Prime was once like that as well, a year and 100 universes ago, but now he is a ruthless, determined youngster with an overriding goal: Settle with “his” family in a universe that's almost identical to his lost one, get rich by exploiting ideas across the visited universes that are new to #7533, and win over Casey whose charms he has sampled in several other universe.

For now, Prime stops short of killing “himself” when John accepts the dare, believing that he will be back in 12 hours, since the tall but believable tales of Prime mentioned that the device needs that much time to “recharge”. Of course, when John discovers the painful truth he is devastated.

But plucky youngsters do not give up easily and John starts an odyssey across the Multiverse—upstream for now—to find a way back home and along the way he discovers quite a few things about himself, makes lots of new friends, gets “new” parents, finds a much more sophisticated Casey, and has quite a few adventures. Meanwhile, Prime's plans start encountering hitch after hitch, including a baby girl, a hasty shotgun marriage and much more. But he is still the ruthless universe traveler, and to his surprise he finds a soul-mate in the seemingly shy and unsophisticated Casey of “farm boy's” universe...

The story flows very well in “The Walls of the Universe” and I kept turning page after page to find out what happened next. The dialogue is fun and snappy and the two main characters, John and Prime, are very well drawn, both strikingly similar and quite different at the same time. The recurring characters, most notably Casey but also Ted Carson and John's parents, are also very well constructed in their Multiverse iterations.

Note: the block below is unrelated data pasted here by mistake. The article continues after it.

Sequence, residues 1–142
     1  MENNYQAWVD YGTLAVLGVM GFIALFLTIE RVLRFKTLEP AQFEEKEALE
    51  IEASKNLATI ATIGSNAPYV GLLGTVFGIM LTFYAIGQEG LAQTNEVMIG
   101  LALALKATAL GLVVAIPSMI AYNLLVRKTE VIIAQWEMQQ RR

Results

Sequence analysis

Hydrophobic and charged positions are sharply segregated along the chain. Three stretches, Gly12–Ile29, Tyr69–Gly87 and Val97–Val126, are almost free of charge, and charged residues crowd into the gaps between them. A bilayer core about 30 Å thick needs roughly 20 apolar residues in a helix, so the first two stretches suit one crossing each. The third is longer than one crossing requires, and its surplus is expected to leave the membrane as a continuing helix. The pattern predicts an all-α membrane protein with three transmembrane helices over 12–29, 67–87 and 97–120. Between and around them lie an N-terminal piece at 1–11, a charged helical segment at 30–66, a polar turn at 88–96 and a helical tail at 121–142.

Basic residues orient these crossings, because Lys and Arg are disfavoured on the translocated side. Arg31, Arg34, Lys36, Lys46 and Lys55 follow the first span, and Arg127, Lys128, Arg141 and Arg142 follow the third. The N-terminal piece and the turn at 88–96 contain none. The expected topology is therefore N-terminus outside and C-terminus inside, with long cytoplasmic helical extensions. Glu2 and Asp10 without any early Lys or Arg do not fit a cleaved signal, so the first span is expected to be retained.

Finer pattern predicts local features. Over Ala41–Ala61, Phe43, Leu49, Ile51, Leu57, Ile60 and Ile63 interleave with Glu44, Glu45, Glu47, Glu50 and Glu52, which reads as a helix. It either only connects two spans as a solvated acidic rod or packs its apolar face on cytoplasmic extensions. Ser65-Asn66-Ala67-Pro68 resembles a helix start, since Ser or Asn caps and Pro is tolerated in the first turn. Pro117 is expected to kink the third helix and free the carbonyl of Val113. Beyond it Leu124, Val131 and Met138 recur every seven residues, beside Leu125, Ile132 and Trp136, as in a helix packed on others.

This is actually one of the main strengths of the novel. The task of writing the same characters in similar but different universes, while making them different and still believable, could have easily gone astray, yet Mr. Melko’s skillful handling kept suspending my disbelief time and again.

The main weaknesses of the novel are the villains who are kind of cookie cutter and cartoonish—they are menacing, powerful and well-versed in nasty doings, but are easily confounded by plucky youngsters. Then there’s the nature of the universe traveling device which is straight out of a science fiction B-movie and is seemingly not that advanced technologically. Also, the larger issues are ignored for most of the novel, with John's adventure and Prime's attempt to have a normal life more of the focus, rather than an exploration of the mysteries of the Multiverse which are only hinted at here and there. For instance, there are statistics about the likelihood of how certain historical events play out across the Multiverse—George Washington being shot for treason, Napoleon uniting Europe, etc.—but that aspect is only touched upon here and I hope a future novel in this entertaining setting will explore this further.

In the end, I enjoyed “The Walls of the Universe” much more than I expected. Just an absolutely fun golden-age sf adventure with modern sensibilities, I highly recommend “The Walls of the Universe” and greatly look forward to reading more books by Mr. Melko who is finally coming into his own as the great talent his short fiction presaged...